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The strongest lobby in the world is the agricultural lobby. This is true in Europe, the United States - and in Israel. The volume of subsidies and protections distributed by governments to farmers reaches the amazing sum of $400 billion, while total global trade in agricultural products reaches $300 billion.

Farmers the world over receive their subsidies in all sorts of forms: through prohibitions on competing imports or protective levies, grants, subsidized land and water, state-supported pension plans or exemptions from property taxes. The ways are as varied as the number of countries.

One large capitalist power that believes in free competition gives 25,000 cotton farmers an annual $3 billion subsidy, allowing them to lower their prices and thus prevent the farmers of Egypt from selling their cotton in the U.S.

For years, at all the international conferences and in every possible forum, the developing countries try to reach a decision in which the wealthy Western countries reduce their support for farmers, allowing the poorer countries to compete and export their agricultural produce to the West. A month ago, the World Trade Organization met to discuss the problem, but as always, the U.S., the European Union and Japan refused to decrease their generous subsidies, and the talks collapsed.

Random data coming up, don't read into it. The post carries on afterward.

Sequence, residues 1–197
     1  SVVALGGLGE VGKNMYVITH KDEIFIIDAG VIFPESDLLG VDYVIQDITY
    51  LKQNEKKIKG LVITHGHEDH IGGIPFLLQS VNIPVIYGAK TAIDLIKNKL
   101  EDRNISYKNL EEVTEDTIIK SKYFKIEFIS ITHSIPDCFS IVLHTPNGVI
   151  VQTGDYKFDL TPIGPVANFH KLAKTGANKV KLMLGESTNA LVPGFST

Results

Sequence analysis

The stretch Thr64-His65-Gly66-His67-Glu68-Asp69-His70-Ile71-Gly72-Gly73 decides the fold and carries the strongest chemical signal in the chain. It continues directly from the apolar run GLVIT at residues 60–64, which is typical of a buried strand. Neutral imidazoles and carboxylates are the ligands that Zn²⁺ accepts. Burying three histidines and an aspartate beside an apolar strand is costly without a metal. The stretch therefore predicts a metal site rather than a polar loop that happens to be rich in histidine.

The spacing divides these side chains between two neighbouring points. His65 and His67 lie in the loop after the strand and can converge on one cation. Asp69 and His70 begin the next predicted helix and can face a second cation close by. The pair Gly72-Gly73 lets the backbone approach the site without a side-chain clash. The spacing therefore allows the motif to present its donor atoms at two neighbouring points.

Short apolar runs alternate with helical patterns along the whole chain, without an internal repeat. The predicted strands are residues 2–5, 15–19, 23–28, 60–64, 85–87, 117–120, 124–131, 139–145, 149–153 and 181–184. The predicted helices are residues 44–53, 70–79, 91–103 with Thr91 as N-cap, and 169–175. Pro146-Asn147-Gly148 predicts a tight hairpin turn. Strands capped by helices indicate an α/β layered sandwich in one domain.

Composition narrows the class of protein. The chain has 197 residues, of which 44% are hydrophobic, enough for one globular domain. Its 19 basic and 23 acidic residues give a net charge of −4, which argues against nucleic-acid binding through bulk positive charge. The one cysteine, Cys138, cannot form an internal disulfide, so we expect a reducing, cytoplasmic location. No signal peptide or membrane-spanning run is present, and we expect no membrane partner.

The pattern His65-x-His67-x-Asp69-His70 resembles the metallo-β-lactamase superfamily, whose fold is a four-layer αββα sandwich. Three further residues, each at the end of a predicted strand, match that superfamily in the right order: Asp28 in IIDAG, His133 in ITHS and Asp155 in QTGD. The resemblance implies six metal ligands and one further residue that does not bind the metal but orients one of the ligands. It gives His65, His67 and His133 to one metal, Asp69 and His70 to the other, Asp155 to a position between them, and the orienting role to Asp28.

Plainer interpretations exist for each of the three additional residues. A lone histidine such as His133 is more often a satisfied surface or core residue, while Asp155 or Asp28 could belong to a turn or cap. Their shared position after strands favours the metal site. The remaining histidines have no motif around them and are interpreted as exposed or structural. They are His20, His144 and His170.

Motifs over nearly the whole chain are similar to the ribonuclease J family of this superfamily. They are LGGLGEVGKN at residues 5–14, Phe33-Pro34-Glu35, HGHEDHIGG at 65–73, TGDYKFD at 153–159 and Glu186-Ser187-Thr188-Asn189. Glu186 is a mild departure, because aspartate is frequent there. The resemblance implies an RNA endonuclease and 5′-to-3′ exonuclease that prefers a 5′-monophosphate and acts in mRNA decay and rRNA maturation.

Up-to-date research by the World Bank determined that reduction of the support would increase revenues to the poorer countries by $200 billion annually, and raise 140 million people above the hunger line. But this data doesn't make much of an impression on Western leaders. They continue their hypocritical celebrations in every corner of the globe.

Yesterday it was in Rome. The Food and Agriculture Organization of the UN held a rich and festive ceremony in the presence of representatives of 150 states, for World Food Day. The ceremony even had an Israeli aspect: The singer Ahinoam ("Noa") Nini was crowned a good-will ambassador by the FAO. At tables loaded with all good things, the organizations president spoke painfully of the 840 million people starving in today's world, and Nini said she plans to help the organization in its fight against hunger. What a tasteless joke.

These are the same people, same institutions and same countries that prevent developing countries from exporting farm products to Europe, leaving them stuck deeper in the morass of poverty and hunger. So who needs World Food Day? Get rid of protections, quotas, subsidies, and actually ease conditions for the world's hungry!

But in the cynical world in which we live, some prefer ceremonies and even send a few symbolic food deliveries to those dying of starvation in Africa. It looks good on television. In practice, the poor of Pakistan, Egypt and Brazil don't interest the West the tiniest little bit.